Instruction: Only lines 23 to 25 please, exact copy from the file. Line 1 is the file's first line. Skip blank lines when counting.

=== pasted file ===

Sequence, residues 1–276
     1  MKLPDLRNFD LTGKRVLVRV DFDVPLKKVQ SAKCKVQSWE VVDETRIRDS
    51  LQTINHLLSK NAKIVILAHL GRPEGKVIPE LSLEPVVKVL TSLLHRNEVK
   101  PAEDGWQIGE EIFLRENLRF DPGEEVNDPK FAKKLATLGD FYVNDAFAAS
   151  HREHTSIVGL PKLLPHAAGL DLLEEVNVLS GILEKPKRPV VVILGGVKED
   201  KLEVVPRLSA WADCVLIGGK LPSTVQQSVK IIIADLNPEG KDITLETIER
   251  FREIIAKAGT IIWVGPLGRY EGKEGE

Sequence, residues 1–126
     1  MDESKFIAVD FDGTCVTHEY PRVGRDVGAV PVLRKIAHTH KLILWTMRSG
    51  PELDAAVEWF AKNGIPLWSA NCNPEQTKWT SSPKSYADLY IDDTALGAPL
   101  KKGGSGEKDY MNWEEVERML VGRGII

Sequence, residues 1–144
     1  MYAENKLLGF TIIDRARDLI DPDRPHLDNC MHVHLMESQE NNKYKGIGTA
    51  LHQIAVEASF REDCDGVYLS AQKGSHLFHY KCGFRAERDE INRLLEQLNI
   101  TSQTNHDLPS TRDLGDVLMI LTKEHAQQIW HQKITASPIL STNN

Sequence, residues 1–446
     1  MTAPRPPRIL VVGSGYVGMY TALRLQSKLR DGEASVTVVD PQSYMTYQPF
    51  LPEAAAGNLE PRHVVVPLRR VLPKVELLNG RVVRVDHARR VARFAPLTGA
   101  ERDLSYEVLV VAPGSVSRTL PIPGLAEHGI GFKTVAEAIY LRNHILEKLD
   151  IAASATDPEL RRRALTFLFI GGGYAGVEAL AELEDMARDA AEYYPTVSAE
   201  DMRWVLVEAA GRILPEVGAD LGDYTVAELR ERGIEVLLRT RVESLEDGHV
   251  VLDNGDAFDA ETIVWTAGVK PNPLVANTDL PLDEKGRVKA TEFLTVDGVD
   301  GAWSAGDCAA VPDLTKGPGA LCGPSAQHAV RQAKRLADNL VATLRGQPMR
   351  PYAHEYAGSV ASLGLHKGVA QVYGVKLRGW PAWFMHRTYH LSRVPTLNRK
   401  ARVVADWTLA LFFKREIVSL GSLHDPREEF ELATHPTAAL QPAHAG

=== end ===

   301  GAWSAGDCAA VPDLTKGPGA LCGPSAQHAV RQAKRLADNL VATLRGQPMR
   351  PYAHEYAGSV ASLGLHKGVA QVYGVKLRGW PAWFMHRTYH LSRVPTLNRK
   401  ARVVADWTLA LFFKREIVSL GSLHDPREEF ELATHPTAAL QPAHAG